The Forests Dialogue (TFD) held a four day multi-stakeholder Field Dialogue on Investing in Locally Controlled Forestry (ILCF) in Växjö, Sweden from 16th to 19th April, 2012. The dialogue was hosted by Södra, Swedish Forest Agency (SFA), Federation of Swedish Family Forest Owners and Linnæus University, with the financial support from Growing Forest Partnership (GFP) and the Swedish International Development Cooperation Agency (Sida). The dialogue was the final field dialogue in TFD’s ILCF initiative which started in 2009. Previous dialogues and activities include a scoping dialogue in Brussels, six field dialogues (Panama, Nepal, Macedonia, Kenya, Burkina Faso, Indonesia), and investor dialogue and a writers’ workshop in London.
It is estimated that locally controlled forests involve one billion people and one quarter of the world‘s forests, providing $75–$100 billion per year in goods and services and a broad range of other economic, environmental, social, cultural and spiritual benefits. Rights-holder organizations such as the Global Alliance of Community Forestry (GACF), the International Family Forest Alliance (IFFA) and the International Alliance of Indigenous and Tribal Peoples of Tropical Forests (IAITPTF), known collectively as the G3, define locally controlled forestry as follows: “The local right for forest owner families and communities to make decisions on commercial forest management and land use, with secure tenure rights, freedom of association and access to markets and technology”.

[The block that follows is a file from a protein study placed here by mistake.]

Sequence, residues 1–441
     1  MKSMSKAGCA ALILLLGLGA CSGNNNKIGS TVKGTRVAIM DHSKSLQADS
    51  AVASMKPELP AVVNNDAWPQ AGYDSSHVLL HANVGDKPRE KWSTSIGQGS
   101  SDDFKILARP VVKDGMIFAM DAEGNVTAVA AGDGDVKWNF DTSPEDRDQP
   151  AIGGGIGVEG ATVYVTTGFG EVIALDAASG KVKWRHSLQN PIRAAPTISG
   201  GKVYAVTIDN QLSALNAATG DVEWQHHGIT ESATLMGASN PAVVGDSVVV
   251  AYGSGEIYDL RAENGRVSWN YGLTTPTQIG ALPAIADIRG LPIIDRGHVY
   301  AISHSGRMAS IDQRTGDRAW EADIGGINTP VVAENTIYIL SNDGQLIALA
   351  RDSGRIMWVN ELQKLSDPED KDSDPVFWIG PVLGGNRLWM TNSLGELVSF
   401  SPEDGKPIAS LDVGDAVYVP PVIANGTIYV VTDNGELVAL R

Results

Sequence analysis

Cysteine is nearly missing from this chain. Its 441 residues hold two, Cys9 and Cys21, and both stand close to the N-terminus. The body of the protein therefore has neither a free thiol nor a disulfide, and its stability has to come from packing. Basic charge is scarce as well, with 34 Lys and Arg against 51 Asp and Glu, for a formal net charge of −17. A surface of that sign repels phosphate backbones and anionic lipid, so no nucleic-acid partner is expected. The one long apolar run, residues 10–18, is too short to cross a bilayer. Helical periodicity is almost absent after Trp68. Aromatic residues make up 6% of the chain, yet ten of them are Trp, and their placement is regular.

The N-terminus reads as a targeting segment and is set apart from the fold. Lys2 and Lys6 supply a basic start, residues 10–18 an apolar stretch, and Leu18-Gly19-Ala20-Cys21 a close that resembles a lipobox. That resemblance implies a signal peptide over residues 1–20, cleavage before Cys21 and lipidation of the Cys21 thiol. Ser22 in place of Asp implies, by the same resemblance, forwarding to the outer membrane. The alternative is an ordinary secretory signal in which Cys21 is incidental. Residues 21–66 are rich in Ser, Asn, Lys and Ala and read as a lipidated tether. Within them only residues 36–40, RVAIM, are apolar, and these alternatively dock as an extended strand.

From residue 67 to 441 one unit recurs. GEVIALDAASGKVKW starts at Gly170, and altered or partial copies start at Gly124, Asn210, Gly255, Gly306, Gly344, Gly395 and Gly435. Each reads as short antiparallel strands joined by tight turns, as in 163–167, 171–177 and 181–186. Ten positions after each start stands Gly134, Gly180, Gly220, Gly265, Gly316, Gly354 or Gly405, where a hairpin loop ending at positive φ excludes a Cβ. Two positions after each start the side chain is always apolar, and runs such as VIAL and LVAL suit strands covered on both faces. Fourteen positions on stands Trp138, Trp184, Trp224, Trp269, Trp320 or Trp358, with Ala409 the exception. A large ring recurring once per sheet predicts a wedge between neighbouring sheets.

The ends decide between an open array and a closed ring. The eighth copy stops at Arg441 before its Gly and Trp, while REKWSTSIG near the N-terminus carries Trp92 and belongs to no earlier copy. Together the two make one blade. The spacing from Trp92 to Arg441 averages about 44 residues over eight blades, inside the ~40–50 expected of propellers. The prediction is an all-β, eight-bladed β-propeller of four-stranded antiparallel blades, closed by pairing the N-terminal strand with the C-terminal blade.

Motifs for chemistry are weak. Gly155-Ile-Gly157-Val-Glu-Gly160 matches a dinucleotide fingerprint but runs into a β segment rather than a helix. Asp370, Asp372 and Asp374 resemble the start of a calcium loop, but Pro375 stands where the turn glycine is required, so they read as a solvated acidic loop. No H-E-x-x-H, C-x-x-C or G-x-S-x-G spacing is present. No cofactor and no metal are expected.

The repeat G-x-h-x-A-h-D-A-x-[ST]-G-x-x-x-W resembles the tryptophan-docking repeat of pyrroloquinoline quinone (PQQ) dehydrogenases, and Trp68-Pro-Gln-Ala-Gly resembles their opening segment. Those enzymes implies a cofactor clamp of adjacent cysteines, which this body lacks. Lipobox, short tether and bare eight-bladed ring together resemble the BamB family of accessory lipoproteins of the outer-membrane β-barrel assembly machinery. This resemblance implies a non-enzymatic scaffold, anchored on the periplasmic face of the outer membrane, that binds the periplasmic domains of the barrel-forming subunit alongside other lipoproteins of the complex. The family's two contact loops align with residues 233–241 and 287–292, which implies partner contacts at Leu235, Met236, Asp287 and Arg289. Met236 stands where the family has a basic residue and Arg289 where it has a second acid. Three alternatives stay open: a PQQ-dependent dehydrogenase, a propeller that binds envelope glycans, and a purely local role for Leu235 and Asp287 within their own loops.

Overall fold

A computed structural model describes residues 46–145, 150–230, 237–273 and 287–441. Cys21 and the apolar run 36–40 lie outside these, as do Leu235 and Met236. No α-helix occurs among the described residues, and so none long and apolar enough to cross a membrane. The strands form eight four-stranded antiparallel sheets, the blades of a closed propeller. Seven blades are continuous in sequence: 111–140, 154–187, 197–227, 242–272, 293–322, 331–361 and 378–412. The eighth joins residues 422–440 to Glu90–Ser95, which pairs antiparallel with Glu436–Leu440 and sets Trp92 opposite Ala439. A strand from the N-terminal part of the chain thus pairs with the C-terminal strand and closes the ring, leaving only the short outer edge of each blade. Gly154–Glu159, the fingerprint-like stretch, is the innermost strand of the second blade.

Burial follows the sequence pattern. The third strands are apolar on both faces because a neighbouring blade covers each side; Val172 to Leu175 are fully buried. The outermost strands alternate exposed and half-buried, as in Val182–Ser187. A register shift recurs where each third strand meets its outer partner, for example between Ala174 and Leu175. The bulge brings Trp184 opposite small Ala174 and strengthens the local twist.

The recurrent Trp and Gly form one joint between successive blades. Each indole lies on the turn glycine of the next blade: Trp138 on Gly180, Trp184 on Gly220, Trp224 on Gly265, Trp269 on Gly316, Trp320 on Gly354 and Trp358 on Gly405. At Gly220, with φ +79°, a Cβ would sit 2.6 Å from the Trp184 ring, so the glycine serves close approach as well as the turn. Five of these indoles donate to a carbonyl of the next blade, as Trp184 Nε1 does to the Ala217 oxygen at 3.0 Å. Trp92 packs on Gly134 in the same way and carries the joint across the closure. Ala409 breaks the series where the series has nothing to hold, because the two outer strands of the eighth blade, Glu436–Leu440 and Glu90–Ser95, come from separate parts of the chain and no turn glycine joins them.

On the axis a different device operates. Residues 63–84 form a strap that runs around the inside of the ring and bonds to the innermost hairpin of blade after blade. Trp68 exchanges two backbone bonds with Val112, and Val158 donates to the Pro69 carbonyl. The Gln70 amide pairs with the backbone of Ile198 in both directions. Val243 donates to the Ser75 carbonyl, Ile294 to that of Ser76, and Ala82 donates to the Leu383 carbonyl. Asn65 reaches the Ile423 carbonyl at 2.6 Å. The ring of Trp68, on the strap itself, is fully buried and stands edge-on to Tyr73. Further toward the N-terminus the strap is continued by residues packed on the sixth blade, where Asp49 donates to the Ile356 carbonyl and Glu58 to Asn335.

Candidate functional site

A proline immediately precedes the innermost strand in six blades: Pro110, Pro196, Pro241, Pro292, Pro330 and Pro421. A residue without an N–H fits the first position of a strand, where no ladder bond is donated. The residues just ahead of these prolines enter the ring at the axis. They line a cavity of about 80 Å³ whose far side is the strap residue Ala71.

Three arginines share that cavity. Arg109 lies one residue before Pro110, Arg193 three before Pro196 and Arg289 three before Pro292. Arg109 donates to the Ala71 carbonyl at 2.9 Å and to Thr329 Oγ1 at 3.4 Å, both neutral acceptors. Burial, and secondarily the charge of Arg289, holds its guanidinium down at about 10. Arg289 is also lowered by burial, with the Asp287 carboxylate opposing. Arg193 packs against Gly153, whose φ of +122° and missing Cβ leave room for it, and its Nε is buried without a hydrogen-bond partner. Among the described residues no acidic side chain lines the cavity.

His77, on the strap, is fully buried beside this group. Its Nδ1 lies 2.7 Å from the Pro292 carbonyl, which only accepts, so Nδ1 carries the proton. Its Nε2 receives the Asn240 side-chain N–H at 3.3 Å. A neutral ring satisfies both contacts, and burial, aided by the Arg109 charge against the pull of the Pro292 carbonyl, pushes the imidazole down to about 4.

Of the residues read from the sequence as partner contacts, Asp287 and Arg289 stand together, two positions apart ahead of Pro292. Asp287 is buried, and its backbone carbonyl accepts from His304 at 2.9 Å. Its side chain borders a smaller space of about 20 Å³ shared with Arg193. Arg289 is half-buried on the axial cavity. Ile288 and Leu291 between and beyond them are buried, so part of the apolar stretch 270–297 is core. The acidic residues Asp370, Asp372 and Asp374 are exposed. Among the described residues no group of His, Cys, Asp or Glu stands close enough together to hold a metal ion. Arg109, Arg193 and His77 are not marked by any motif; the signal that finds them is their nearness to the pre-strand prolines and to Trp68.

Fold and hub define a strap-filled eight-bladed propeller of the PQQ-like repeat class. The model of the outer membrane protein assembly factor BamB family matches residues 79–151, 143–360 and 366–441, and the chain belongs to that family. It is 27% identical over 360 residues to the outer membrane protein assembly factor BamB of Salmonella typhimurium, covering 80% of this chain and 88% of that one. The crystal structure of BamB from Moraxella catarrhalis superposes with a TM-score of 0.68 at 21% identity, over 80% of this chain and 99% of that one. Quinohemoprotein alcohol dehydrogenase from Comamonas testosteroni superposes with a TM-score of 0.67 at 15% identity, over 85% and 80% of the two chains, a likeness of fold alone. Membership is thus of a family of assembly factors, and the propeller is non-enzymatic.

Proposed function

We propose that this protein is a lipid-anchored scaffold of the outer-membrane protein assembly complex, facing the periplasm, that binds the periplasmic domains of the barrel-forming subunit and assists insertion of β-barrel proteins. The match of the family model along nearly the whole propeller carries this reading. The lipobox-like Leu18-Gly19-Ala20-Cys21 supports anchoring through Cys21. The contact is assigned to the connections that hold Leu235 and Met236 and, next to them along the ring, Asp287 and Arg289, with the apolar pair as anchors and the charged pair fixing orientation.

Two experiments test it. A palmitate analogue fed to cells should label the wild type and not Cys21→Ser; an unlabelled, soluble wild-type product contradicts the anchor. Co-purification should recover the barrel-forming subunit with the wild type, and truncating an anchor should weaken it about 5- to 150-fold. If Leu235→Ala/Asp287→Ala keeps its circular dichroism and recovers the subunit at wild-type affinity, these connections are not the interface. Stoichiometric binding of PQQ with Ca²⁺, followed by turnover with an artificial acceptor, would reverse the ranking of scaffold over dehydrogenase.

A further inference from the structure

Exactly what ILCF means in practice has been the subject of the TFD ILCF initiative. With about half of its forest land owned by family enterprises and a relatively long history of forestry cooperatives, Sweden’s forestry model offers important lessons for establishing ILCF in other countries. Linking Sweden’s forestry model and lessons learnt through other dialogues, the aims of the Sweden dialogue were to:
- Define key steps that are critical for successful deals for ILCF in Sweden;
- Identify concrete actions for developing new partnerships;
- Understand how to improve financing for LCF.
The dialogue brought together 20 international and 15 local stakeholders representing a wide spectrum of stakeholder groups, including Indigenous Peoples, local community, small land owners, forestry investors and companies, development assistance agencies, national governments, inter-governmental organizations, and international and national non-governmental organizations (see participant list starting on page 12).
This report summarizes key observations and discussions from the dialogue.